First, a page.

Other factors conspire to keep air from moving around in the basin, said Christopher Stachelski, a forecaster at the National Weather Service office in Las Vegas. The valley is narrow, trapping any air from circulating in or out. There's also little vegetation to absorb the sun's rays, and there's a desert nearby. Winter temperatures, however, can actually get quite cold because the desert does not retain heat when the surrounding air cools off.

The weather station at Furnace Creek in Death Valley where the hottest temperature ever recorded, a whopping 134 degrees Fahrenheit (56.7 degrees Celsius), was reached on July 10, 1913. (Image credit: U.S. National Park Service)

"There are seasons to Death Valley," Stachelski said. "It can get warm in the winter on certain days, but there are days in the winter that can get to freezing. Most days in the winter have 60s for a high."

Nevertheless, plants and animals in this location require both behavioral and physiological adaptations to survive.

Slow growth and slow movements

There are animals in Death Valley, but they tend to be in low densities. Amphibians stick close to any water they can find. Large mammals rest in the shade. Cave bats remain underground until night falls, and birds fly away or to higher elevations. [Hell on Earth: Tour Death Valley]

The lack of water also forces physiological adaptations, as seen in the notable example of tortoises.

"What's cool about tortoises is the ability to concentrate their urine. They can go a year without drinking," said Linda Manning, a wildlife biologist for Death Valley National Park. "Apparently, when they let it go, it's really stinky."

Plant adaptations include small leaves, extremely deep roots, long-lived seeds and also more desert-friendly features such as waxy cuticles and spines. The most important feature, however, is their extremely slow growth, said Jane Cipra, a botanist at Death Valley National Park.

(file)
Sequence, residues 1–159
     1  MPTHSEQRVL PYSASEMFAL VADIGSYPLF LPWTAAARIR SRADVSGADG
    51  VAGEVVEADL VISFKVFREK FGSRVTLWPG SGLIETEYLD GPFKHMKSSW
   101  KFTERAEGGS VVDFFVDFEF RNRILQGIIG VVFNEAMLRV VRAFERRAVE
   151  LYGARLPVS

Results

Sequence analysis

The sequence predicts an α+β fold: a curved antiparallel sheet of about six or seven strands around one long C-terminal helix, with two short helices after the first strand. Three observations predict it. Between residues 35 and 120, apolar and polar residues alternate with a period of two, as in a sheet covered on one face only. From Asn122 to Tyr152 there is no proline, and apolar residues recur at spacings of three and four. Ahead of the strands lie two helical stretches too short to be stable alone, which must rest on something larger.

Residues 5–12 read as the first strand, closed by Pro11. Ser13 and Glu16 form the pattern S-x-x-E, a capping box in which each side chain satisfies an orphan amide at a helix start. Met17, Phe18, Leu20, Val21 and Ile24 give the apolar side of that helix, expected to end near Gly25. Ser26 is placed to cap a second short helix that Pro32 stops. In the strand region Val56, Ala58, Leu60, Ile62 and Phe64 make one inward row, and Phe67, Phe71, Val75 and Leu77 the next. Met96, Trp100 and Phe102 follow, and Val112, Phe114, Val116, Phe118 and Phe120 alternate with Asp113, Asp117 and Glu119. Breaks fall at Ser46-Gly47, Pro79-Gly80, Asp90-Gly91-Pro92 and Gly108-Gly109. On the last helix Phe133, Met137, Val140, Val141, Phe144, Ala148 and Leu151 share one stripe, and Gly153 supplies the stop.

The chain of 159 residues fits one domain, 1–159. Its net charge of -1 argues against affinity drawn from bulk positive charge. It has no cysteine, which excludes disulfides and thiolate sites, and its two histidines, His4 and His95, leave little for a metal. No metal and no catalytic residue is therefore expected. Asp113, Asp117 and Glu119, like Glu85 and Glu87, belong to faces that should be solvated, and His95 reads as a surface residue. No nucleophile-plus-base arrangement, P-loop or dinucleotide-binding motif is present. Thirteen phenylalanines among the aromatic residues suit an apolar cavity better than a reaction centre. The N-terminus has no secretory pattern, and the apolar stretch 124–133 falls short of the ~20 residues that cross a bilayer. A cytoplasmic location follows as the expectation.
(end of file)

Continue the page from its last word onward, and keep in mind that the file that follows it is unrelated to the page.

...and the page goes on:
"Shrubs like creosote and blackbrush may not look like much, but they can be hundreds and sometimes thousands of years old," she wrote in an email.

"Blackbrush is largely dormant most of the time and only puts energy into growth and reproduction in really good years."

Even a century after the hottest recorded temperature, these adaptations are still crucial to allowing animals and plants to survive. The late June temperatures in Death Valley were so hot this year that media and scientists speculated the all-time record was in danger of being broken just after it regained its rightful place.

Follow Elizabeth Howell @howellspace. Follow OurAmazingPlanet @OAPlanet, Facebook and Google+. Original article at LiveScience's OurAmazingPlanet.

Elizabeth Howell
Live Science Contributor
Elizabeth Howell is a regular contributor to Live Science and Space.com, along with several other science publications. She is one of a handful of Canadian reporters who specializes in space reporting. Elizabeth has a Bachelor of Journalism, Science Concentration at Carleton University (Canada) and an M.Sc. Space Studies (distance) at the University of North Dakota. Elizabeth became a full-time freelancer after earning her M.Sc. in 2012. She reported on three space shuttle launches in person and once spent two weeks in an isolated Utah facility pretending to be a Martian.